Classic shawl-collared man's cardigan.
Knitted pencil cases? Hadn't ever thought of it, but why not, and these are very pretty. I'd use a durable, washable yarn — something with nylon in it.
This looks like a pattern someone found in a seventies' era-homemaker's magazine. And that should have stayed there.
The same owl reworked, and it's still not working. I mean, my mother loves owls, and she would hate this.
At first I thought these were doilies, and now I think they are probably intended to be trivets. And they're not terrible, though these are maybe a little on the chintzy-looking side because of the doily-type colours, but I wouldn't make knitted trivets or potholders. They'd have to be washed often, and would get so ratty so quickly.
I don't know if this bag is lined, but if you should wind up making it and the pattern doesn't call for a fabric lining put one in anyway, unless you're planning on only using it to go to the market for a single garlic bulb. Knitted bags will stretch out very quickly, especially when they are knitted in light, lacy stitch like this one is. I don't really care for the style of this bag, but that's just personal preference. If you're the type to float around in Laura Ashley-style sundresses and a big straw hat in the summer, it can work for you.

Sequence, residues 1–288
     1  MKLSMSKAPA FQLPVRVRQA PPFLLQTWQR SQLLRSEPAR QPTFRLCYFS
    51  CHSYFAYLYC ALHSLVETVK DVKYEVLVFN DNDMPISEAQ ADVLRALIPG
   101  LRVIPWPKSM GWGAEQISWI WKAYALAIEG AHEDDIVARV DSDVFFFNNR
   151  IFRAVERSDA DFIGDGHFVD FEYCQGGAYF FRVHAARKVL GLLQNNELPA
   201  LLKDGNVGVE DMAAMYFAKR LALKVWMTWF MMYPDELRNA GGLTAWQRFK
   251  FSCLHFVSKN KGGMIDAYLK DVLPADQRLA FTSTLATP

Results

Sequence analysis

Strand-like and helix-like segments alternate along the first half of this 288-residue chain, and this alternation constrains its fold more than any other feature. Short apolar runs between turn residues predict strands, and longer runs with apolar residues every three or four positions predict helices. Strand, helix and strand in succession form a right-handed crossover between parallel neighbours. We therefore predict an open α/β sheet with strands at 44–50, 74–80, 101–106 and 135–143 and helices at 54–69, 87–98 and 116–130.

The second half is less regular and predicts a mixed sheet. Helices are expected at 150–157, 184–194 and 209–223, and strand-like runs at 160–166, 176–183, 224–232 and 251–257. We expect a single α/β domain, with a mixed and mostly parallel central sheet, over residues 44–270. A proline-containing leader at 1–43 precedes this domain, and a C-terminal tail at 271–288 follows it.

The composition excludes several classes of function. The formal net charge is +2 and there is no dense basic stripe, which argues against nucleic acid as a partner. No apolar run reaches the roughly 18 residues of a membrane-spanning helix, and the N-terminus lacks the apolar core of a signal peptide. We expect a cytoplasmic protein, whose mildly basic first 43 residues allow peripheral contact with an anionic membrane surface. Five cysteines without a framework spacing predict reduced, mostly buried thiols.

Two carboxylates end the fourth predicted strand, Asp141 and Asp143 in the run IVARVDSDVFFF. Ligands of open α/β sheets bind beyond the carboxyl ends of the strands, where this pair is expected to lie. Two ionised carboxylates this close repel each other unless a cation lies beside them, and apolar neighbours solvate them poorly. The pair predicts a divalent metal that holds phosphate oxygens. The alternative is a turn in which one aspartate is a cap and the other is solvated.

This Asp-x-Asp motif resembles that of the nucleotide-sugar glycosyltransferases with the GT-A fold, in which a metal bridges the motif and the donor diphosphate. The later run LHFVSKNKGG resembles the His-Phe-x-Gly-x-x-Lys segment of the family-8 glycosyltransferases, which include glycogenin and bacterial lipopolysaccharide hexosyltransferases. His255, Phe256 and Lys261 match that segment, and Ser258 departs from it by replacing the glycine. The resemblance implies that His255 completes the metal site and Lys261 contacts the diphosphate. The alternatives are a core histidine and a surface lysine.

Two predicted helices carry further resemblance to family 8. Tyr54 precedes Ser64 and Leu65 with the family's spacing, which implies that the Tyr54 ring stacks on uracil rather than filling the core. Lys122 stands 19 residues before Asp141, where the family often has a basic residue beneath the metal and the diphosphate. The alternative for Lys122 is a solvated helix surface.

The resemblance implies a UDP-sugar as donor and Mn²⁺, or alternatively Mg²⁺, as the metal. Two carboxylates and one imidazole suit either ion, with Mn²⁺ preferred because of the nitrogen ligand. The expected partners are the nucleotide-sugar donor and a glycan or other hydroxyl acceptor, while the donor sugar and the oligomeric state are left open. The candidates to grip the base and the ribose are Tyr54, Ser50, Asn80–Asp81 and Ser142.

This bag looks sturdier and more practical. And less frilly.
Not a fan of this design. Colour blocking seems to be back for the first time since the early nineties, and when you're living through the second coming of a trend, you're harder to convince. A lot of colour-blocked designs look a little lazy to me, as though they were just pieced together randomly and not a lot of effort was made to get the components to work as a whole. I'd do something with the join between the blue and black sections, maybe add a few lines of patterning in the two colours, to pull the two parts together. And I don't think I'd do the top in dark blue and black anyway. There isn't enough contrast to make the combination pop and they just look like they don't quite work. Gray and black might be a better combination for this design.
If you want to knit your own jewelry, you're probably going to have to buy yarn that very closely resembles metal, or even knit with fine gauge metal wire, rather than pulling from the scrap yarn bag. These just don't look convincingly like actual jewelry.